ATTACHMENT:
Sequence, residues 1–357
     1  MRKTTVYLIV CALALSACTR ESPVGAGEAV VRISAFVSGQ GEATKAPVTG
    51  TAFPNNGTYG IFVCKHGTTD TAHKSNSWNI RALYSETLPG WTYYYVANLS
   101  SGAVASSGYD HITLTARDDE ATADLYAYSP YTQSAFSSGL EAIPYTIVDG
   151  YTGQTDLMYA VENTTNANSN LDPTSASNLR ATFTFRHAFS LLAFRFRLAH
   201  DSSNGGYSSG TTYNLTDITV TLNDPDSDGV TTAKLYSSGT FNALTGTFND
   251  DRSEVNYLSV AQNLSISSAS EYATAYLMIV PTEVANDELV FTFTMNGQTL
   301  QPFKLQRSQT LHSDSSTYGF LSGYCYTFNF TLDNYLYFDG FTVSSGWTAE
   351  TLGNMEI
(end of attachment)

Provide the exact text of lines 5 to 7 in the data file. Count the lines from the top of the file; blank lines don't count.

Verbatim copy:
   151  YTGQTDLMYA VENTTNANSN LDPTSASNLR ATFTFRHAFS LLAFRFRLAH
   201  DSSNGGYSSG TTYNLTDITV TLNDPDSDGV TTAKLYSSGT FNALTGTFND
   251  DRSEVNYLSV AQNLSISSAS EYATAYLMIV PTEVANDELV FTFTMNGQTL